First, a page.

So, I’ve been looking for a plant to screen a gap in the hedge that looks right into the neighbors’ backyard (and trampoline). I thought a well-behaved clumping bamboo might do the trick, and I checked out the helpful website of Bamboo Garden Nursery near Portland, Oregon.
It seemed the common and quite hardy (to Zone 5) Fargesia nitida looked like a good candidate. Then I saw this cryptic message:
“The F. nitida we sell are new seedlings with no risk of flowering for the next 100 years.”
Come to think of it, I don’t think I’ve ever seen a bamboo flowering. They’re not that showy in flower—kind of homely actually—but I couldn’t recall ever seeing any kind of plume or flower at all. Why not?
Apparently, Fargesia nitida is one of many kinds of bamboo that engage in “gregarious flowering.” After a hundred years or so, all of the plants belonging to that species will flower and die. That’s right—all of the plants derived from the same seed 120 years ago will spontaneously bloom at the same time worldwide, and soon after, die.
That’s not how garden plants are supposed to work. Your ornamental grass or perennial plant gets crowded, you divide it, and it’s vigorous again. It gets crowded again, you divide it, ad infinitum. But bamboo flat out dies—all of those plants which came from the same original seed. Which means you can’t save cultivars that you would normally keep growing through division. That special variegated selection that you paid a bundle for? Gone forever. That nice hefty clump that appears to be just hitting its stride? It will flower and die, if it’s not a new seedling. No one knows why or how this happens.
Of course, Bamboo Garden Nursery goes over it in more detail, explaining that not all bamboos are gregarious bloomers, and that sometimes flowering bamboo can be saved from death by cutting back the flowering culms and fertilizing, and that flowering and fruiting bamboo is an opportunity to discover new cultivars. But the disclaimers don’t diminish the fact that bamboo is one weird, incredible plant.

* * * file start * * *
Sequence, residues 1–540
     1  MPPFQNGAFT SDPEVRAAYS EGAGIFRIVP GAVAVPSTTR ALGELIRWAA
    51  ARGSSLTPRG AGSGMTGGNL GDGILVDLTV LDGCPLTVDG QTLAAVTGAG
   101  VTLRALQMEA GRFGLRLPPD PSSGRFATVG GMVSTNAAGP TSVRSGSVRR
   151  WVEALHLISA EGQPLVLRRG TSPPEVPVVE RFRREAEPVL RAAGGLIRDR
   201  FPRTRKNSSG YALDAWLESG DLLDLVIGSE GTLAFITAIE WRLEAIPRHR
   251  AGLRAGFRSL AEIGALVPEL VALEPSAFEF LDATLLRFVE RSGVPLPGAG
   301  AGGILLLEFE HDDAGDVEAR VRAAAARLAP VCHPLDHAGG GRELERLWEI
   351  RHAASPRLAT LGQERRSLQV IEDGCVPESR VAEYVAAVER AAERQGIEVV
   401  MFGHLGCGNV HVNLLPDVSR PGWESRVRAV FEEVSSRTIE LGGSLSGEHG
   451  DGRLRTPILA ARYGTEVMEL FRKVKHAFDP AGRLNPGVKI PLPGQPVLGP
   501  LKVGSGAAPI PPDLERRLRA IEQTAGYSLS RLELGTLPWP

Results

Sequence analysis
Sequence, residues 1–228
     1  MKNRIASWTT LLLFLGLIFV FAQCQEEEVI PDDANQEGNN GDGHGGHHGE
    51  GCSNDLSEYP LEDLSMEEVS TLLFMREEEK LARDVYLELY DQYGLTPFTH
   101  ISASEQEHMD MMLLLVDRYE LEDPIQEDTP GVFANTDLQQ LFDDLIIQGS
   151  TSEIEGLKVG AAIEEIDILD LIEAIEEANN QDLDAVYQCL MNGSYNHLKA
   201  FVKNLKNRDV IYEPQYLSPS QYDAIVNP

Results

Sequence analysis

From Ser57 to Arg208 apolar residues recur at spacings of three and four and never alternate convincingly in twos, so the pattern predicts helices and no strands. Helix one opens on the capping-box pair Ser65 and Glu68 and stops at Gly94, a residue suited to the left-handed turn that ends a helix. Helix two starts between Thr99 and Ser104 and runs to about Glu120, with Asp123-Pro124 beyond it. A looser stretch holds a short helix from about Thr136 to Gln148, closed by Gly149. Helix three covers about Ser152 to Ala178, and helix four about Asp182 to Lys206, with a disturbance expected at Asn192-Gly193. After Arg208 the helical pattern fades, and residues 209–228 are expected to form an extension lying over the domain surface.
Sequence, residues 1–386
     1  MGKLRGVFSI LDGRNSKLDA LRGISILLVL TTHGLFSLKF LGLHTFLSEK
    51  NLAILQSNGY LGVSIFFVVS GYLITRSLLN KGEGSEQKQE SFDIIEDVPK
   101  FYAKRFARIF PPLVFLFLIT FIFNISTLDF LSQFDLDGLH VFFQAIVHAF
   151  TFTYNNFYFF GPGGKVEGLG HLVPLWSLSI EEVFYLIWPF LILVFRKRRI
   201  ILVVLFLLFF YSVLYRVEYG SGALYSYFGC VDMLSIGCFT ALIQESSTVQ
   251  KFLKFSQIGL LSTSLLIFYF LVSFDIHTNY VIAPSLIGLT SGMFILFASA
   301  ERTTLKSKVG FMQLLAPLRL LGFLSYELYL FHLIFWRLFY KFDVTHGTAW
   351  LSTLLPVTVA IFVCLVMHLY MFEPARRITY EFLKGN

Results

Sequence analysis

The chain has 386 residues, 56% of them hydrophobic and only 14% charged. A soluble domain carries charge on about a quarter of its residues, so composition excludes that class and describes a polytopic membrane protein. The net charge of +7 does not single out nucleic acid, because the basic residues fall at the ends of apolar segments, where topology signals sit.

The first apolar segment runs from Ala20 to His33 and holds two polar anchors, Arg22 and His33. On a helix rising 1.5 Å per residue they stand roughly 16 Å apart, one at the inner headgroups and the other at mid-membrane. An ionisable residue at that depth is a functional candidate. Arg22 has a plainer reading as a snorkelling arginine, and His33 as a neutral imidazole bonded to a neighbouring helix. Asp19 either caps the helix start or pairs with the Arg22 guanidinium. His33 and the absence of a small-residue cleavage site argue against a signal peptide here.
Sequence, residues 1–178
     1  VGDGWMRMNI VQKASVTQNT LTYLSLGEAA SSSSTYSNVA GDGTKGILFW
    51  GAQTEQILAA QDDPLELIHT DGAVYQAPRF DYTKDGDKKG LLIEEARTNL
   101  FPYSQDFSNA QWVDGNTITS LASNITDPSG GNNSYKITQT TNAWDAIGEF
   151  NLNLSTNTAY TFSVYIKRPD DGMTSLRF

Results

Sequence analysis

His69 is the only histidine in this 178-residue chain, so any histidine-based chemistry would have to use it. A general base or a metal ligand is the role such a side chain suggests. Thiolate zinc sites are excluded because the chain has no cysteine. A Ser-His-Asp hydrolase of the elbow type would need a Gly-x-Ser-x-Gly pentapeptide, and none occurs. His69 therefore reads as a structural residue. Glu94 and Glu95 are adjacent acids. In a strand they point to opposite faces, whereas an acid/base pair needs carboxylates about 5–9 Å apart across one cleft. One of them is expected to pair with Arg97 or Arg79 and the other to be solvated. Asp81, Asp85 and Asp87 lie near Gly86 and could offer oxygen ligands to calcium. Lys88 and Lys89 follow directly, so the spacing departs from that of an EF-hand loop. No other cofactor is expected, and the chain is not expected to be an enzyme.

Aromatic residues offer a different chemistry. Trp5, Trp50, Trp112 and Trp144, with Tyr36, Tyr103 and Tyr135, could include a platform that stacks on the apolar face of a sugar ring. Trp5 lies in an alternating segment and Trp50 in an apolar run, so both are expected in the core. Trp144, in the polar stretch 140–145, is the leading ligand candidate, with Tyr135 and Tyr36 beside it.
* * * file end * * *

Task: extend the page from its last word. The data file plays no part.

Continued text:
Then I stumbled upon a Nova episode from 2009 that told of another bamboo that grows in a remote area of India. This bamboo, Melocanna bambusoides, blooms every 48 years, coinciding with terrible periodic famines in the area. This is a big bamboo with a big fruit, and when it forms, the rat population explodes. And when the rats have multiplied and eaten all the bamboo fruit, and then multiplied again, they swarm into the farmers’ rice fields and eat every grain there.
The video also gave some crazy facts about bamboo: It can grow 1 meter in a 24-hour period. It was the first plant to emerge from the wreckage after the bombing of Hiroshima. It is 10 times stronger than steel and is used as scaffolding for workers putting up skyscrapers.
And it presented one idea I’d never heard before. Dr. Daniel Janzen of the University of Pennsylvania offers a theory regarding the relationship between bamboo and chickens!
He says that wild chickens, which are a type of pheasant, co-evolved with a gregarious-flowering bamboo. This pheasant-chicken developed the ability to produce a lot of eggs when food was plentiful—that is, when the bamboo was producing its seed. When humans starting feeding them, they continued that high rate of egg production, and we decided to keep them around.
Maybe… but which came first, the chicken or the bamboo?